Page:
Page:Plutarch - Moralia, translator Holland, 1911.djvu/94

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Plutarch's Morals

not only upon a desire to yield unto others and to gratify them, but also for fear to give any suspicion that he would seem to draw back and avoid to set his hand to any work or business whatsoever, is ready with the foremost to apply himself to the appetite and inclination of another, yea and withal, pricketh and inciteth him forward to enter upon it. And yet lightly you shall find even of rich men and kings but few or none who can or will come forth with these words:

Would God some one that needy is and poor,
Yea, worse than he that begs from door to door.
Would come to me (so that he were my friend)
Without all fear, and speak to me his mind.

But nowadays it is far otherwise; for they are much like unto composers of tragedies, who will be provided of a quire or dance of their friends to sing with them, or desire to have a theatre of purpose to give applause and clap their hands unto them. And verily, whereas Merope in a certain tragedy giveth these sage and wise advertisements:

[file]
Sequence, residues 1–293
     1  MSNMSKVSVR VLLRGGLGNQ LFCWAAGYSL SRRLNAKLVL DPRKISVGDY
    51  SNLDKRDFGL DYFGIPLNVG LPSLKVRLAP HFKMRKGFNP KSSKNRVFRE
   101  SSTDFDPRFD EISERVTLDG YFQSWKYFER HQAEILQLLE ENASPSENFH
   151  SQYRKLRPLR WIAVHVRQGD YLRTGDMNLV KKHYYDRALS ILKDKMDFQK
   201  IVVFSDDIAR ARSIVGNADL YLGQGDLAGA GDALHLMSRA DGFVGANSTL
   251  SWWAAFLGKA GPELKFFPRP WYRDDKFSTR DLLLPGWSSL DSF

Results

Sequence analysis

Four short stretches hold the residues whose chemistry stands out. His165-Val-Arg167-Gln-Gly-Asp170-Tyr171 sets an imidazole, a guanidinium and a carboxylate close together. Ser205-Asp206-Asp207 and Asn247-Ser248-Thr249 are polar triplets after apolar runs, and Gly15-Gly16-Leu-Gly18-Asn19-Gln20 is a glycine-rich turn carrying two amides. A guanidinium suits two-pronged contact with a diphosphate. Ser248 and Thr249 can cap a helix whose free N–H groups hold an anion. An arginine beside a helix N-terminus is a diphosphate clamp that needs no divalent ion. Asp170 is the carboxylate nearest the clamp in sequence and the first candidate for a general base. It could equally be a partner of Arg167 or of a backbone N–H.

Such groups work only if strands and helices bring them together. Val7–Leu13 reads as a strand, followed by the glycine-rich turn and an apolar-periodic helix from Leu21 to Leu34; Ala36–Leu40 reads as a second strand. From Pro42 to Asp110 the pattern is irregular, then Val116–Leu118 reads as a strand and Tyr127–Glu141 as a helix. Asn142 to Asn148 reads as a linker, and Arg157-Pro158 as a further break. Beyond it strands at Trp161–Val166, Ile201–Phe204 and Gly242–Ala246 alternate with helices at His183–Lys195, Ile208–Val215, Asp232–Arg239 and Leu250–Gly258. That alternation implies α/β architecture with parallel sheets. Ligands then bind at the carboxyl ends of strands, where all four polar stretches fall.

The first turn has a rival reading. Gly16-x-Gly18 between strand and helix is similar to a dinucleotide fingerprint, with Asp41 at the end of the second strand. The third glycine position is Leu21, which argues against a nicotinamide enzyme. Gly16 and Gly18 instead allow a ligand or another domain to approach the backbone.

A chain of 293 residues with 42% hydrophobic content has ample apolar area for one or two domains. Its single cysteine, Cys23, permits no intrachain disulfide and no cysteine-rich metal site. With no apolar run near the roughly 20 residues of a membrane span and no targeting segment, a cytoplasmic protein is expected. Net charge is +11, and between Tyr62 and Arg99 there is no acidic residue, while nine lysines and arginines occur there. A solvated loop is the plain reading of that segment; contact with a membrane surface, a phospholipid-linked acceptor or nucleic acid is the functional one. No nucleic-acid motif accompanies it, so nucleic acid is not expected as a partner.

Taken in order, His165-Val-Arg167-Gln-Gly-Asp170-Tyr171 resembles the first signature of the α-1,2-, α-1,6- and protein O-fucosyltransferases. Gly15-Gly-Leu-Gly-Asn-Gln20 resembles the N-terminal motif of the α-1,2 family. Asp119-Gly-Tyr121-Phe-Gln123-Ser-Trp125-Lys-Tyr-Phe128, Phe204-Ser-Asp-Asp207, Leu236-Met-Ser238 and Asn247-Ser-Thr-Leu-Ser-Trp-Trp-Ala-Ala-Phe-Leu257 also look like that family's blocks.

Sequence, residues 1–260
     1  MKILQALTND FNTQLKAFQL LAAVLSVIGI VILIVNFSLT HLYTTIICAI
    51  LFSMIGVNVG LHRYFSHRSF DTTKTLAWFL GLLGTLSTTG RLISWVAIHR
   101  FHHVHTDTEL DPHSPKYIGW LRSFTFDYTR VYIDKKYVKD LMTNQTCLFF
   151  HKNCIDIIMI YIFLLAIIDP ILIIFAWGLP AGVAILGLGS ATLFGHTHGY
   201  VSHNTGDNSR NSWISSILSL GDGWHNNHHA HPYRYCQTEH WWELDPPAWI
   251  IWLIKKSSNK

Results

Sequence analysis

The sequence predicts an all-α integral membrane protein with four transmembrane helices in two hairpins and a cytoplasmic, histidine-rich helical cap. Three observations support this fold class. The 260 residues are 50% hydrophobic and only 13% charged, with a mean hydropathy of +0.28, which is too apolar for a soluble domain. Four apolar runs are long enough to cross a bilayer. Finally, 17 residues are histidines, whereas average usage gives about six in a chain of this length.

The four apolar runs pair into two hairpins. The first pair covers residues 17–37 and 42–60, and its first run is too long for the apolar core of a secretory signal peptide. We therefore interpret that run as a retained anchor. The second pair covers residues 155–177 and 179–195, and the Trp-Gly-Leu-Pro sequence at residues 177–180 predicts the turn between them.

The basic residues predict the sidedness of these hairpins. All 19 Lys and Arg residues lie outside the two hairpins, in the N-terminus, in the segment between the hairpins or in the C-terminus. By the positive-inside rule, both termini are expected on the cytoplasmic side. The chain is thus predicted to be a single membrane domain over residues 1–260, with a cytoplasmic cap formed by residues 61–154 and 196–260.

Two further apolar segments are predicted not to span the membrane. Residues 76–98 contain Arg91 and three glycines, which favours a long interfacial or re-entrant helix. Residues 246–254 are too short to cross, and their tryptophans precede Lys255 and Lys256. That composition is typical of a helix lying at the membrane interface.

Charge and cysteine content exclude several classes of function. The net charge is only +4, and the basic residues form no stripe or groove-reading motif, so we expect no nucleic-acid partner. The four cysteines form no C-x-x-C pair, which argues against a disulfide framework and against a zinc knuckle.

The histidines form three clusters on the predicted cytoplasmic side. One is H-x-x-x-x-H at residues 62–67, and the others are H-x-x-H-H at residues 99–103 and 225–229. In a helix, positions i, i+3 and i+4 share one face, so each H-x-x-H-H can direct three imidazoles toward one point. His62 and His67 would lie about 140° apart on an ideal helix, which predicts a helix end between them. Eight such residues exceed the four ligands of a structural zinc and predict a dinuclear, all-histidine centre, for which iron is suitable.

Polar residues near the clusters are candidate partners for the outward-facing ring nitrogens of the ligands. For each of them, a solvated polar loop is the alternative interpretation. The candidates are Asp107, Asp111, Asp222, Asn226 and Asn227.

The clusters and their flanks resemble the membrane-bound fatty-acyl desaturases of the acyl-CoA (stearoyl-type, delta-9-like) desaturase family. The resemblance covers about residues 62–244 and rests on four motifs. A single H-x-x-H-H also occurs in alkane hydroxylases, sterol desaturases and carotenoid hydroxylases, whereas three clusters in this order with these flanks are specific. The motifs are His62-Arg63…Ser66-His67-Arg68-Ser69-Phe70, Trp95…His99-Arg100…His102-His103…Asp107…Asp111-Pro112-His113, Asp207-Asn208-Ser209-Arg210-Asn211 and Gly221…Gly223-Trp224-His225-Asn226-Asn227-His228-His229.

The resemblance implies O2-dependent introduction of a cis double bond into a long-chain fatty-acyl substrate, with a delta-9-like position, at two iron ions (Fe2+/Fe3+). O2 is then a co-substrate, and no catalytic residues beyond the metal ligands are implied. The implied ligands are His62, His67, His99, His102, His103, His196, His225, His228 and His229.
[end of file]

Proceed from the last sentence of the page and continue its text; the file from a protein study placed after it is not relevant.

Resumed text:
Take those for friends, I rede, and hold them so,
Whose speech is sound, and waves not to and fro;
But those that please thy mind in word and deed,
Count lewd, and such lock forth of door with speed:

our potentates and grand seigneurs do clean contrary; for such as will not follow their humours, and soothe them up at every word, but gainsay their courses, in making remonstrance of that which is more profitable and expedient; such they disdain and will not vouchsafe them a good look. But for those wicked wretches, base-minded varlets, and cozening impostors, who can curry favour, they not only set their doors wide open for such, and receive them into their houses, but they admit them also to conferences with their inward affections and the very secrets of their heart. Among whom you shall have one more plain perhaps and simple than the rest, who will say that it is not for him, neither is he worthy to deliberate and consult of so great affairs; marry, he could be content, and would take upon him, to be a poor servitor and minister, to execute whatsoever were concluded and enjoined him to do: another more crafty and cunning than his fellows, is willing enough to be used in counsel, where he will hear all doubts and perils that be cast; his eyebrows shall speak if they will, his head and eyes shall nod and make signs, but his tongue shall not speak a word: Say that the party whom he mindeth to flatter do utter his mind and what he thinketh good to do: then